"It'll be good to just get out there and have a run. I obviously haven't played for a few months, I'm pretty excited and hoping the lungs hold up."

When not training, at the gym, or chopping wood on the farm, Guildford has been mentoring local school children and accepted an ambassador's role for international life-skills group "Boys to Men."

"I just do it when I'm asked. I like to give a little bit back," Guildford said. "I do tell them about my experiences and that being a rugby player and earning lots of money, sometimes it doesn't make you happy like people might think. There's a lot more to life than rugby and earning money.

"I just talk to them about what they want to achieve out of life, what they'd like to prove to themselves in the coming years. We're not going to change lives overnight but if we can keep chipping away, helping out where we can, I'm sure we can make a difference.

"I don't get paid for any of that, it's just volunteer stuff. It's something I've done for quite a while now and don't expect to be recognised or paid for it."

Tamatea High School received a visit from Guildford recently, with principal Robin Fabish commending his "willingness to keep getting back up when he falls over."

"We're a family here at Tamatea High school, and family stick by one another," Fabish said. "It's good for us to be able to support Zac on his journey. I don't judge Zac for the problems that he's had - every one of us has done things we're not proud of. I think it's really healthy that he is open about the difficulties that he's had and how that's impacted on his life."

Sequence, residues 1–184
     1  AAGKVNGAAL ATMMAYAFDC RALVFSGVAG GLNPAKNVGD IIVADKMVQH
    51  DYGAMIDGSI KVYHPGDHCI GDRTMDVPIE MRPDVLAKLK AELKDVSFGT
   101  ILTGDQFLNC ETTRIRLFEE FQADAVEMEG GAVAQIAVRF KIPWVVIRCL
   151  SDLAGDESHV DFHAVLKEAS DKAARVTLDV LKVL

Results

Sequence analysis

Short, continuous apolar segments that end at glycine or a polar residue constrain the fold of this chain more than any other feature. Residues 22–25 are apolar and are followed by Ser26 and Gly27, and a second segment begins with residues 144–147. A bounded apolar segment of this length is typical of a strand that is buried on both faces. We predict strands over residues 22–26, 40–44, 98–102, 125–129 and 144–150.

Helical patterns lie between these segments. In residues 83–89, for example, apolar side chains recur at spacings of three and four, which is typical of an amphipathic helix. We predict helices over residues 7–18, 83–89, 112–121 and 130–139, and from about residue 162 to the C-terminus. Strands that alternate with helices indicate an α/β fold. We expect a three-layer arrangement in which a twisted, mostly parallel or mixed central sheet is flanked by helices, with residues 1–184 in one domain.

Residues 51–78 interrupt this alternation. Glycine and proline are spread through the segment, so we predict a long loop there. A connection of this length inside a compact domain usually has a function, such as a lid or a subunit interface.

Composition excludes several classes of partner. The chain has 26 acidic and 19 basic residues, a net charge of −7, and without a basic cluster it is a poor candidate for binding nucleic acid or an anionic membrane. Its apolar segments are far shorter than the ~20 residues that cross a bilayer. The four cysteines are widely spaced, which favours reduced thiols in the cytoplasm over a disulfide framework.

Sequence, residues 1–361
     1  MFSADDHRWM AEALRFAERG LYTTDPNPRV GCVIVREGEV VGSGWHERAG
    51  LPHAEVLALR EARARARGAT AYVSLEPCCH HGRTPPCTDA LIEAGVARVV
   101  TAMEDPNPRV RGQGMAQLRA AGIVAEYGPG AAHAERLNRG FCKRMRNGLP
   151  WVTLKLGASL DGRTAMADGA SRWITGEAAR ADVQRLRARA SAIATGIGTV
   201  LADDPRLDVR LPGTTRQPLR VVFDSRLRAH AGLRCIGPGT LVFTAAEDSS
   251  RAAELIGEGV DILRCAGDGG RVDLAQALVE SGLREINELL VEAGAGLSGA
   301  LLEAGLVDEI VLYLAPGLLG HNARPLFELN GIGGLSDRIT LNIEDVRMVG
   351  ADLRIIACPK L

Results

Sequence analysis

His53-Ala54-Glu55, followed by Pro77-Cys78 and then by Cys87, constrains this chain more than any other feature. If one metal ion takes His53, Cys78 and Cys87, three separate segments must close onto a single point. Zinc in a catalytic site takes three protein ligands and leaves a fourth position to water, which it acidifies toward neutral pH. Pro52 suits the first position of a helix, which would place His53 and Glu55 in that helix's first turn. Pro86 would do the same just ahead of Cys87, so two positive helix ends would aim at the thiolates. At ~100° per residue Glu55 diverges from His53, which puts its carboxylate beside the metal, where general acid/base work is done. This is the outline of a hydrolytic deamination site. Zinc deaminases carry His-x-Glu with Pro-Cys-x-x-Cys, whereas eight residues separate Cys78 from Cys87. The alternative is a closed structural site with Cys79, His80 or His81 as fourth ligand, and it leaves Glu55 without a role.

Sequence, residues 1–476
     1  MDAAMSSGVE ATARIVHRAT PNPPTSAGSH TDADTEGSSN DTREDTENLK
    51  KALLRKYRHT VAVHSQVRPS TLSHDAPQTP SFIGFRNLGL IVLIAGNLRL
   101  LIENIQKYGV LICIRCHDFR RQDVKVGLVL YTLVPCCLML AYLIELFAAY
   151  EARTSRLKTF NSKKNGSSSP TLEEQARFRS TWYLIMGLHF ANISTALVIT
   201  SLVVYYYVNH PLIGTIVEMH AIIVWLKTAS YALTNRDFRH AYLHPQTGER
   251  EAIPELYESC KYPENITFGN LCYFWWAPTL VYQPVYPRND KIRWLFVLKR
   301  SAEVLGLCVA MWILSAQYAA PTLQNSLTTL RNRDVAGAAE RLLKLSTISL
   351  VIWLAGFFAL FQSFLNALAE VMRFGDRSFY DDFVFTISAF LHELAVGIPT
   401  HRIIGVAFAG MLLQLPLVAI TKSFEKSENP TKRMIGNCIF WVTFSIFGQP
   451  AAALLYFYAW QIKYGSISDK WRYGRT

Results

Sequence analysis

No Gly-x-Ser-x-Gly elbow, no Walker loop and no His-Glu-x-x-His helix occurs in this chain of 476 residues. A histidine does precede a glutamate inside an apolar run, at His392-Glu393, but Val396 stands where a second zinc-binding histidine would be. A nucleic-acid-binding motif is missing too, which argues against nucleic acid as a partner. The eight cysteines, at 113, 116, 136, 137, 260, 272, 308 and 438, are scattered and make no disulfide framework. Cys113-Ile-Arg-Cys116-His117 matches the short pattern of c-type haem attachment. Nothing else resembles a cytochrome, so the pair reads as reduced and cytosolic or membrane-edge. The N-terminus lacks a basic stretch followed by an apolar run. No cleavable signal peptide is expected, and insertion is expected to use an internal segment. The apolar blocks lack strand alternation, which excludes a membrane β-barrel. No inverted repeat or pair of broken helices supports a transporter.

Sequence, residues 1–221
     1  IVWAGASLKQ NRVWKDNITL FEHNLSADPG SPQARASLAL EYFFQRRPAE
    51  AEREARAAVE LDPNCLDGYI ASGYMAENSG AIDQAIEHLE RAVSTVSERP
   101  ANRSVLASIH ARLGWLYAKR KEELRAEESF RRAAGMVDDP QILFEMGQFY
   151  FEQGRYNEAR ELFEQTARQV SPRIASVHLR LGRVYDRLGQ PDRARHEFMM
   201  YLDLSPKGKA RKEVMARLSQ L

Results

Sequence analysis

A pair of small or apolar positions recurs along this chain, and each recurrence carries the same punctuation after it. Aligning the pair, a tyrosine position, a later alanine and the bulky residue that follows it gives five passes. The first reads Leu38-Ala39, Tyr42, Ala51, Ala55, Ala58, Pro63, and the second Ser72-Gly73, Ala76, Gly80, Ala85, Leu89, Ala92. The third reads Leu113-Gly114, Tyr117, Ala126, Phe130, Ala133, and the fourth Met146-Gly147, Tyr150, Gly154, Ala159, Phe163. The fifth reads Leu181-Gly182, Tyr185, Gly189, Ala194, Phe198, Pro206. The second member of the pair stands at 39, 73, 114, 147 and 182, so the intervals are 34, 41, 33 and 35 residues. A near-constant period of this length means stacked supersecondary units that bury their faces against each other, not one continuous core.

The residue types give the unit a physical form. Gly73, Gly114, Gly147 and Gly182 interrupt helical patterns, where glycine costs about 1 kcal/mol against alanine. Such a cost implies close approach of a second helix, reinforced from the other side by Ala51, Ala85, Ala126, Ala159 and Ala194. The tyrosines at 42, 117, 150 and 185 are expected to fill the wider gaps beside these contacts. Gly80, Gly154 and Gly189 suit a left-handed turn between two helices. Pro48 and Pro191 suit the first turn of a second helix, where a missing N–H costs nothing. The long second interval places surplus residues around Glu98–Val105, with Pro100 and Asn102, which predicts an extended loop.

Guildford says he's confident he can learn from his mistakes and fight his way back into paid rugby.

"I'm only just concentrating on little blocks at a time. For the next two or three months I'll be here and then after that I'm not too sure," he said. "I'm just hoping this can build me in really good stead for a future contract, but as I said, I've got to make sure it goes well here first, and I'm pretty confident it will."

THE HIGHS AND LOWS OF ZAC GUILDFORD

Born: February 8, 1989, Greytown, Wairarapa. Attended Napier Boys' High School.
Burst onto the scene in 2009 with New Zealand's Junior World Cup in Japan with All Black Aaron Cruden - scoring two tries each in the final win over England.
Tragically, the tournament victory tinged with sadness. Guildford's father, Robert, died in the stands shortly after the final whistle.

October 2009: First selected for the All Blacks after a stellar season on the wing for the Hurricanes. Goes on the end of year tour as the youngest player in the squad.

February 2010: Scores a try on his Super Rugby Debut for the Crusaders.

October 2010: Wins gold at the Commonwealth Games as part of New Zealand's rugby sevens squad.

October 2011: Peak of his rugby career, Guildford helps the All Blacks win the Rugby World Cup on home soil.

November 2011: Hits rock bottom. Naked, drunk and bleeding Guildford staggers into a beachside Rarotonga bar and assaults two holidaymakers.

November 2011: Then-Crusaders coach Todd Blackadder says Guildford admits drinking problem for very first time.

May 2014: Granted an early release from his Crusaders contract and joins French Top 14 team Clermont Auvergne, but leaves halfway through two-year contract.

September 2015: Thrown a Super Rugby lifeline with a short-term contract from the NSW Waratahs.